Brown Uniforms a Matter of Identity for Padres

Credit: AP Photo

Credit: USA Today

For the past decade, the Padres have become an afterthought outside of America’s Finest City.

The Padres’ last winning season was in 2010, and the team’s last postseason appearance was the 2006 National League Division Series.

The Friars’ farm system is arguably the best part of Padres baseball, and beyond the baseball side of the team, the Padres remain generally lackluster. Aside from the Western Metal Supply Co. building in left field and Austin Hedges walking up to “Careless Whisper”, the Padres fade into a blur of boring, blue and white uniforms.

The Padres are one of 17 teams to wear a blue hat (and one of 11 teams with a navy blue hat) in the majors this year. Of those 17 teams, 14 wear a white jersey at home, including the Padres. For many of those teams, blue has been their color from the beginning, but that is not so for the Padres.

In San Diego’s case, the switch to blue and white was an act of identity-sucking conformity that ought to be undone, and soon. The Padres wore brown until 1991, when the team switched from brown and orange to blue and orange. The blue and orange uniforms lasted all through the 1990’s and into the early 2000’s, before the club ditched their classy pinstripes for the plain blue and white color scheme in 2004.

Now, the Padres only break out the brown on Fridays, and the pinstripes are even more rare, making their first appearance of 2018 on June 6.

Wil Myers at the 2016 Home Run Derby | Credit: Bring Back the Brown/Twitter

Uniforms are a crucial part of a team’s identity.

Take the Brazilian soccer team’s jersey, arguably the most recognizable jersey in sports. The basic uniform has not changed since 1950, a solid yellow shirt with green trim. Add blue shorts and white socks to create every Brazilian home uniform in the past 68 years. For the Brazilians, the uniform is about national pride – it features the same four colors as the nation’s flag.

In baseball, Yankee pinstripes are just as iconic.  For the Yankees, the pinstripes are about class. Add the stripes and the club’s prohibition of facial hair, and the Yanks have the image of a buttoned-up, organized baseball team.

The Padres gain nothing from their uniforms. The modern uniforms do nothing for the team’s image, nor is there any sense of pride associated with them. Even during the 2016 All-Star Game festivities, Petco Park was adorned in brown and gold, not blue and white. That year’s Futures Game and Home Run Derby reminded the rest of the baseball world that the Padres’ identity was in the brown uniforms of old, not the new blue jerseys.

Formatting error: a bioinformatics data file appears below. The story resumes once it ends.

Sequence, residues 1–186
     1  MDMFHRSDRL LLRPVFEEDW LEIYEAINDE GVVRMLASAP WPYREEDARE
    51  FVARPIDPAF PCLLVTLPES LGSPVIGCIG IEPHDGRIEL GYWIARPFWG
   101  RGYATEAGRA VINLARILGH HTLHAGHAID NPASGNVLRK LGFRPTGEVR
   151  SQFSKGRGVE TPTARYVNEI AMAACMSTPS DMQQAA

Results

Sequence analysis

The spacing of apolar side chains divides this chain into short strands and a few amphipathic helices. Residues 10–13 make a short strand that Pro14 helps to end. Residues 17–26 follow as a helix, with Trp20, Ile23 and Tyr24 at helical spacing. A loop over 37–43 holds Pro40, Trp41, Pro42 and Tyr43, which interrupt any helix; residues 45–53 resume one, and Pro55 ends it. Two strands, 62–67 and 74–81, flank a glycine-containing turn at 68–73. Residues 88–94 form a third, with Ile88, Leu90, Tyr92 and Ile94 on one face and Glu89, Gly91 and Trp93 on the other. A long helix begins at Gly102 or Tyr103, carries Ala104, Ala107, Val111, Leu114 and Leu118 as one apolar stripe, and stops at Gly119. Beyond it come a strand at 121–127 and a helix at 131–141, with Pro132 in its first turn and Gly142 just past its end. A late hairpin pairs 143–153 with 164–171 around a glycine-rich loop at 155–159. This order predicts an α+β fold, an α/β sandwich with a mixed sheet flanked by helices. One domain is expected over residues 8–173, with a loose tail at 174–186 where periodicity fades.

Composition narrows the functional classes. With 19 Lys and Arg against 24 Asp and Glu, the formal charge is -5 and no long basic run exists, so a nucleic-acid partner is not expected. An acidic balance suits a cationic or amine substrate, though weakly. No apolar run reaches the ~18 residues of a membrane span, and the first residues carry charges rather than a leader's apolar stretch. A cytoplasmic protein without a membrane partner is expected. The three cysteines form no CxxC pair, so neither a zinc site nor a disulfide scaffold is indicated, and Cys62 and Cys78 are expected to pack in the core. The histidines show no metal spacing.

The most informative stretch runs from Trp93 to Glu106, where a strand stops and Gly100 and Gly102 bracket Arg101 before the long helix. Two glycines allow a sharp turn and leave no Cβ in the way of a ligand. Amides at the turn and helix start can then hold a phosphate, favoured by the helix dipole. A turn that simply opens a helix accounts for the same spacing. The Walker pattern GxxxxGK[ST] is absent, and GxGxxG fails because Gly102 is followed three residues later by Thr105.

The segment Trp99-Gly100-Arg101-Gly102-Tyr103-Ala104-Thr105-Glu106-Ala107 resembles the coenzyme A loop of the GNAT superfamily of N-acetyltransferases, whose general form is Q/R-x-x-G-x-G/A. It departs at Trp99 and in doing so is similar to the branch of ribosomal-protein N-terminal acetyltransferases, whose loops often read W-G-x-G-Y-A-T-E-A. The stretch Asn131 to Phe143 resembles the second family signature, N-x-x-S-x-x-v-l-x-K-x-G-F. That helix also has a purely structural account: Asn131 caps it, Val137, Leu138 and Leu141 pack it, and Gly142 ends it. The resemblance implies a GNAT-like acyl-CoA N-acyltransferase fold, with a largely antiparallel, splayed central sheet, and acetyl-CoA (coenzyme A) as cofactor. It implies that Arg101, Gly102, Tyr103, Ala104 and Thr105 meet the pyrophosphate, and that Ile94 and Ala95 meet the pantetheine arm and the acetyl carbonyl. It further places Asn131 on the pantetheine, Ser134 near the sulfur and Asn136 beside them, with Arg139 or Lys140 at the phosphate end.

It makes sense that the Padres would wear brown. After all, brown is the color worn by the Catholic “padres” the team is named after. However, the brown uniforms are children of the 1970’s, when fashion was very different from what it is today. While sports uniforms certainly are not required to be on the cutting edge of fashion, they should be a bit in-tune with the style of their day. Fortunately for the Padres, fans on Twitter have done the hard work for them. There are several alternatives to an ugly brown uniform. There is no reason that the team cannot wear fashionable uniforms that celebrate the history of the team. Go Padres!

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3 thoughts on “Brown Uniforms a Matter of Identity for Padres

  1. I would rather have winning as an identity. We could have some really cool brown uniforms, and the same junk on the field, then what? Of course, money will drive the ultimate answer.

  2. I think this train has already left the station based on the owner’s comments. But, for San Diego, this is not easy. Wearing brown, if you are a loser, will identify you as a loser. Older fans or those who study the game recognize Brown as the Stl Browns, whose overall record the Padres are closing in on and whose overall record in Brown is worse than the blue. Younger fans wouldn’t know this however. In business, NO ONE wears a brown suit or a brown tie. In general it is not a popular color, and finally, the religious aspect of friars and priests wearing brown is anecdotal. Now, it’s pretty clear, this is going to happen, god forbid we go back to pinstripes, leave that to the Yankees, Cubs and Mets and erstwhile Phillies, Diamondbacks retro…In the meantime, lets play some good baseball, so that whatever we play in, we’re recognized for that, rather than odd fashion choices.

  3. Baseball in run by some really archaic, dull witted and not branding savy people. There is almost no branding in baseball. Just copying what everone else is doing. There is so much they could do, yet dull is the geneal theme over all of baseball. They even tried the dull down the iconic green-gold of the A’s ( Vida Blue’s unit are the best ever in baseball ). Good luck with that!

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